a lot of discussion about what this bike is intended to do.

It's not a do-it-all bike. That is something like a Salsa Cutthroat (which I have). This bike, to me, is an endurance road bike that can handle some off-road areas and gravel. Or, to put it another way, it's a Roubaix with fatter tires (I know, not literally, but for the purposes of deciding how to ride it)
It took 18 pages, but FINALLY someone else willing to state what is common sensical.

The diverge is an evolution of the secteur (adding a CGR, FS and discs), and the secteur was an aluminum version of the roubaix with identical geometry.

No one with an ounce of common sense would ever believe the Diverge is either a cyclocross much less an mtb.

Now that the top secret NSA files with Diverge geometry have been released, perhaps people can ride this bike the way it was intended: as a road bike with occasional ventures on dirt roads.
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Old 08-31-17, 08:56 PM
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I would have gone with the Diverge, but I think the competition has caught up. My LBS offers the 2017 Giant Anyroad Comax with composite frame and 105 configuration for $1850. The 2018 should be out soon.
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Old 09-02-17, 09:05 PM
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Originally Posted by Richard8655
I would have gone with the Diverge, but I think the competition has caught up. My LBS offers the 2017 Giant Anyroad Comax with composite frame and 105 configuration for $1850. The 2018 should be out soon.
The 2018 looks to be a big upgrade over '17 as far as the Anyroad goes. At least in the carbon model. Better carbon, thru axle, tubeless tires to name three big improvements. Unless they were giving away the '17 comax bike, I think you'd be a bit nuts to not wait for the '18 at this point.

I have done a brief test ride of the new Diverge and of a Comax frame Anyroad. The Diverge was the lowest trim level that offers the future shock. The Diverge felt like the nicer, more premium bike to me, and that is totally subjective. I didn't ride either for long enough to gain a more nuanced or thorough impression of either.


I was surprised at how good the future shock felt, and my impression going into the test ride was that it was gimmicky.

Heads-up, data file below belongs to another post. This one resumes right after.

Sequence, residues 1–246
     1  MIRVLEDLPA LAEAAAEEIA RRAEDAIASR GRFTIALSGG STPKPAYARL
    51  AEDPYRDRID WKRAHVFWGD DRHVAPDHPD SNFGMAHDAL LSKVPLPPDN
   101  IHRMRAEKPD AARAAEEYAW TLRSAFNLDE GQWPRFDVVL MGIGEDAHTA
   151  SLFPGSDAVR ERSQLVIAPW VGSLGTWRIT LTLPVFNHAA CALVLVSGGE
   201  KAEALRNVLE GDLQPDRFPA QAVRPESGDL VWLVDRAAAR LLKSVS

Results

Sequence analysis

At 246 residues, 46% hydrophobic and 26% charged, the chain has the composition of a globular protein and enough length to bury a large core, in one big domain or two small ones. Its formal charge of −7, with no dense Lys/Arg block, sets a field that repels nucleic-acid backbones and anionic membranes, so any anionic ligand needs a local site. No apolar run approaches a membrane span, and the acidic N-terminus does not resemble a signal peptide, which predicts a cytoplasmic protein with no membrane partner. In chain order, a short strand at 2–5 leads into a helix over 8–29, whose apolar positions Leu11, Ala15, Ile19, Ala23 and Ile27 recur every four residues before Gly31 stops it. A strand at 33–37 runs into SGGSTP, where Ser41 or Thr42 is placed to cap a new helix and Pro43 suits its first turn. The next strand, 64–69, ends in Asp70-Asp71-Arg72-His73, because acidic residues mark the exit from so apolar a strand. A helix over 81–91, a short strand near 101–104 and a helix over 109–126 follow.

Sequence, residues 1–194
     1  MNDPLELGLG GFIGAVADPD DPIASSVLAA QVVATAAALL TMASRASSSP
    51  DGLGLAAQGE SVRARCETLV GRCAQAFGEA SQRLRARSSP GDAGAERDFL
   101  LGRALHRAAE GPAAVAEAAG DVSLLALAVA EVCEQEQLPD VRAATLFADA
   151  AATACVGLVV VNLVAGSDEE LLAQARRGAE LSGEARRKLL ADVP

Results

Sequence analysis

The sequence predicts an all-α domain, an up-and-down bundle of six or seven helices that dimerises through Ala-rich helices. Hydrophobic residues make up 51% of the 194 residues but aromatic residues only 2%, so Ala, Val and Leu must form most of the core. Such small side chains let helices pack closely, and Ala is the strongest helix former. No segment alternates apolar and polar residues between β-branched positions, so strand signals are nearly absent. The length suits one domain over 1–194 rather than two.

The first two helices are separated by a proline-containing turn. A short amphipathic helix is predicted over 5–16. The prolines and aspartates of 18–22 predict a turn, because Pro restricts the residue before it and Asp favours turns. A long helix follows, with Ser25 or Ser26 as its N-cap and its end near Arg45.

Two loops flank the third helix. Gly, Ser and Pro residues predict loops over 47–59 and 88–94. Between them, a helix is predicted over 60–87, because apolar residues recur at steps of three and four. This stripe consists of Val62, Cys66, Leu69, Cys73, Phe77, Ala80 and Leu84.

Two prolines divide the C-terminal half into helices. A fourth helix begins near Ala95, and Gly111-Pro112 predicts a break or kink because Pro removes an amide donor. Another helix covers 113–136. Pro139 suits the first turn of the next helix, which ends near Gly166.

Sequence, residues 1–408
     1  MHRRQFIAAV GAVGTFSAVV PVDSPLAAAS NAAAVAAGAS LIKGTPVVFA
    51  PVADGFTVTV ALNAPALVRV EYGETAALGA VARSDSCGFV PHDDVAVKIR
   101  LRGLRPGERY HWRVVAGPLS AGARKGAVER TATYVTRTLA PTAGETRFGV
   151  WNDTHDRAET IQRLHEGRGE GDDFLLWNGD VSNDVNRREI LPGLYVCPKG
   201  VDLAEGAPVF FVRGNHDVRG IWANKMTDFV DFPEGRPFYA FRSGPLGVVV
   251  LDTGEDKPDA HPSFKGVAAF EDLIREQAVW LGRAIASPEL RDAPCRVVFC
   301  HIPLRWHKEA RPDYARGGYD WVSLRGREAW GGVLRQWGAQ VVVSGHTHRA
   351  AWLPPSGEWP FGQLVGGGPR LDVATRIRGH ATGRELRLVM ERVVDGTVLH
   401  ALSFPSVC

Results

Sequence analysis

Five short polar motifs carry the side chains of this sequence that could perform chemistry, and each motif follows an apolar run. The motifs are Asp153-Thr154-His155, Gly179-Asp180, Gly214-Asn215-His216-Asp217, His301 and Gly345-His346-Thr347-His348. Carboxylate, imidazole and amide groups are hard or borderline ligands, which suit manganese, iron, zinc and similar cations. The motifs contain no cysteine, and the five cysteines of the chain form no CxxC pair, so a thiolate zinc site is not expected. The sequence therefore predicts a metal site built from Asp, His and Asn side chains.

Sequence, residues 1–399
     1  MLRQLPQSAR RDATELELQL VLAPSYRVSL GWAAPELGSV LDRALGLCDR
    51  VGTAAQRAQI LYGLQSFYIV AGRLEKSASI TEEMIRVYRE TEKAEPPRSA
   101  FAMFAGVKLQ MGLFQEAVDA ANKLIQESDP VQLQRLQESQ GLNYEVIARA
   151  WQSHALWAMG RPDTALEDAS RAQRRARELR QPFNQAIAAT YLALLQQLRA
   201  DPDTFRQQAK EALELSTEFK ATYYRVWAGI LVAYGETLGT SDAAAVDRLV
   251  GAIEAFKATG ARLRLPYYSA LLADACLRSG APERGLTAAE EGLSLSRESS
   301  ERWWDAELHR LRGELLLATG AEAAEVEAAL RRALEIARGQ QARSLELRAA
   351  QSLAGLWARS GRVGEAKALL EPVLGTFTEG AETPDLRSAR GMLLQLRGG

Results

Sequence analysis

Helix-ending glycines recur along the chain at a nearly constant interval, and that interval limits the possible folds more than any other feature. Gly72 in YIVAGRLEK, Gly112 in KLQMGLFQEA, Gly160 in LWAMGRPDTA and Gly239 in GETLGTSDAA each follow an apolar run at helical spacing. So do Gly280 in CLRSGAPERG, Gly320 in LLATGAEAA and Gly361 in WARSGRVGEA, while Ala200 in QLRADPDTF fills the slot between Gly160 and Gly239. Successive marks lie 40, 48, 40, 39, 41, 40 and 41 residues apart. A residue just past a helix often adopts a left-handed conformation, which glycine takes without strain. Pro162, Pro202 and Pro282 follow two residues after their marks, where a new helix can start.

At the same price point, the Diverge was more impressive than the Anyroad to me, and this being an alu Diverge vs. the carbon Anyroad. Not a dramatic difference, though, and I'd be happy to own either.

Two things will probably keep me from buying a Diverge. First is the overly (IMO) low bottom bracket. Second is the small worry about the proprietary future shock. Will it be a fly by night thing that is gone in 5 years, or not? Probably not, but I'm slightly leery of any gizmo tech like this until it becomes more widely adopted over some time.

Last edited by syncro87; 09-02-17 at 09:10 PM.
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Old 09-02-17, 09:42 PM
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Originally Posted by syncro87
The 2018 looks to be a big upgrade over '17 as far as the Anyroad goes. At least in the carbon model. Better carbon, thru axle, tubeless tires to name three big improvements. Unless they were giving away the '17 comax bike, I think you'd be a bit nuts to not wait for the '18 at this point.

I have done a brief test ride of the new Diverge and of a Comax frame Anyroad. The Diverge was the lowest trim level that offers the future shock. The Diverge felt like the nicer, more premium bike to me, and that is totally subjective. I didn't ride either for long enough to gain a more nuanced or thorough impression of either.


I was surprised at how good the future shock felt, and my impression going into the test ride was that it was gimmicky.